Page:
What is Statistical Data Analysis?

Statistics is basically a science that involves data collection, data interpretation and finally, data validation. Statistical data analysis is a procedure of performing various statistical operations. It is a kind of quantitative research, which seeks to quantify the data, and typically, applies some form of statistical analysis. Quantitative data basically involves descriptive data, such as survey data and observational data.

Statistical data analysis generally involves some form of statistical tools, which a layman cannot perform without having any statistical knowledge. There are various software packages to perform statistical data analysis. This software includes Statistical Analysis System (SAS), Statistical Package for the Social Sciences (SPSS), Stat soft, etc.

Data in statistical data analysis consists of variable(s). Sometimes the data is univariate or multivariate. Depending upon the number of variables, the researcher performs different statistical techniques.

If the data in statistical data analysis is multiple in numbers, then several multivariates can be performed. These are factor statistical data analysis, discriminant statistical data analysis, etc. Similarly, if the data is singular in number, then the univariate statistical data analysis is performed. This includes t test for significance, z test, f test, ANOVA one way, etc.

The data in statistical data analysis is basically of 2 types, namely, continuous data and discreet data. The continuous data is the one that cannot be counted. For example, intensity of a light can be measured but cannot be counted. The discreet data is the one that can be counted. For example, the number of bulbs can be counted.

Statistical tools in analytical method validation

The mean or average of a data set is the basic and the most common statistics used. The mean is calculated by adding all data points and dividing the sum by the number of samples.
Standard deviation
The standard deviation of a data set is the measure of the spread of the values in the sample set and is computed by measuring the difference between the mean and the individual values in a set.
Regression analysis
Regression analysis is used to evaluate a linear relationship between test results. A linear relationship is, in general, evaluated over the range of the analytical procedure. The data obtained from analysis of the solutions prepared at a range of different concentration levels is habitually investigated by plotting on a graph.
The hypothesis tests
The hypothesis tests are intended to verify if the experimental data are consistent with certain theoretical hypothesis.

The null hypothesis symbolized by H0 considers that the two elements or series of elements are equal.

The second step consists in measuring the deviation between different characteristics.

The third step is to calculate the probability P to have this deviation if H0 is true.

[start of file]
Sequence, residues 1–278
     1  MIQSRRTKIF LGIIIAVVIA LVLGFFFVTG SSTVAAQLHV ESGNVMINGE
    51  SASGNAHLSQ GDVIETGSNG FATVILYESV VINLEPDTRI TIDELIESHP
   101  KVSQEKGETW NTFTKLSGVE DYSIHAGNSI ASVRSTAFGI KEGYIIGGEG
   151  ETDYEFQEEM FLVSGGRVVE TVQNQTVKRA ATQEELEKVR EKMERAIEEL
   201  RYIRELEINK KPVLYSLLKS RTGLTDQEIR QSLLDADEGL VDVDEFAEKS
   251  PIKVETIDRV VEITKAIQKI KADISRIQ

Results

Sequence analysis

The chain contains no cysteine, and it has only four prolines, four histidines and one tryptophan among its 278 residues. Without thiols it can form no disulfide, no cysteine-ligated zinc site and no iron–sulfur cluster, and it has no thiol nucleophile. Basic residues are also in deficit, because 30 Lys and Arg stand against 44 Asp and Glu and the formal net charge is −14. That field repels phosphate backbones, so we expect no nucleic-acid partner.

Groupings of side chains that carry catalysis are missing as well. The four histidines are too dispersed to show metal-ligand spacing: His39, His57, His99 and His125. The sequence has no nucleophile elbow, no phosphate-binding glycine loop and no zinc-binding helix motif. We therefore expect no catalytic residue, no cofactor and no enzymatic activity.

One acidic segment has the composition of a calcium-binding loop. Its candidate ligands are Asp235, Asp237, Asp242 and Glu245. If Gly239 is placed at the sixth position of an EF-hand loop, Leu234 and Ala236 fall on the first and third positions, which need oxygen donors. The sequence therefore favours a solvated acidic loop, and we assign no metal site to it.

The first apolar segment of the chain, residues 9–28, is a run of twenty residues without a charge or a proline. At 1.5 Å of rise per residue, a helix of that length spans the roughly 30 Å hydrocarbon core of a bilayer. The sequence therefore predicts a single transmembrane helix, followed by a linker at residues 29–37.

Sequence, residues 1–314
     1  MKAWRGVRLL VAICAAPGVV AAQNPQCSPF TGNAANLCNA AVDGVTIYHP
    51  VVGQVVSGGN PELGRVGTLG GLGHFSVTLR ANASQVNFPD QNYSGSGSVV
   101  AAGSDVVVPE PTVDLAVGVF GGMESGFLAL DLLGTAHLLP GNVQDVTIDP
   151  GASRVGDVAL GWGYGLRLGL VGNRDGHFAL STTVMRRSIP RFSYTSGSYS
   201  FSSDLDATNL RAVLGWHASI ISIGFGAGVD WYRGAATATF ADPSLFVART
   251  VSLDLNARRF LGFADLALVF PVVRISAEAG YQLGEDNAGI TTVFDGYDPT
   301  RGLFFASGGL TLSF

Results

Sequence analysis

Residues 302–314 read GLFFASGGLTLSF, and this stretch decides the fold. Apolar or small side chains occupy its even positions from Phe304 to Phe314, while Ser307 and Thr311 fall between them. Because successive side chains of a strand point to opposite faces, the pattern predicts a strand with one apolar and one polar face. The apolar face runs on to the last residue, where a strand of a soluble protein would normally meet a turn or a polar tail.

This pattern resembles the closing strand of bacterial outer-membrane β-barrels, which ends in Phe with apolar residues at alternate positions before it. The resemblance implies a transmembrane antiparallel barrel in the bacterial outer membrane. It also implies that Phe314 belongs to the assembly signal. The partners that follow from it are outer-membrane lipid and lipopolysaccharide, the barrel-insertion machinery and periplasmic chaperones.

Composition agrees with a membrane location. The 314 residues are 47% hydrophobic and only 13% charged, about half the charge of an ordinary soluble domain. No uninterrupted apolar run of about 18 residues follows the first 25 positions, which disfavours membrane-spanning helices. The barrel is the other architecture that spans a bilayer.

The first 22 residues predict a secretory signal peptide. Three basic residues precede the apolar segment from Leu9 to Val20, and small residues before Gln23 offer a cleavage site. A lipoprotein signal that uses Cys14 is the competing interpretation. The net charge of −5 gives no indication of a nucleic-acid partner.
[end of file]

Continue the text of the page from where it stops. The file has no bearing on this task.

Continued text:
The fourth step is to draw conclusions that are required:

If P is large, we admit that H0 is plausible, on the other side if P is small, the deviation is incompatible with H0. The value limit of P that is fixed to determine if P is large or small is the level of confidence or significance level (usually we chose P = 0.95 as level of confidence (α = 0.05 as significance level)).

Four situations are possible:

Acceptance of H0 true.

Rejecting true H0: first error species (α).

Acceptance false H0: second error species (β).

Rejecting false H0.

Other statistical tools

Other statistical tools used in method validation include comparative studies using Student's t-test, Fisher's test, analysis of variation (ANVA), design of experiments, and assessment of outliers. Information on these statistical tools can be obtained from references on statistics suggested in the reference section.

Validation characteristics

Specificity is a quantitative indication of the extent to which a method can distinguish between the analyte of interest and interfering substances on the basis of signals produced under actual experimental conditions. Random interferences should be determined using representative blank samples.

Accuracy refers to closeness of agreement between the true value of the analyte concentration and the mean result obtained by applying experimental procedure to a large number of homogeneous samples. It is related to systematic error and analyte recovery. Systematic errors can be established by the use of appropriate certified reference materials (matrix-matched) or by applying alternative analytical techniques.

Comparison of results obtained from samples prepared to test the following conditions:

Repeatability expresses the precision under the same operating conditions over a short interval of time. Repeatability is also termed intra-assay precision.

Intermediate precision expresses within-laboratories variations: different days, different analysts, different equipments, etc.

Reproducibility expresses the precision between laboratories (collaborative studies, usually applied to standardization of methodology).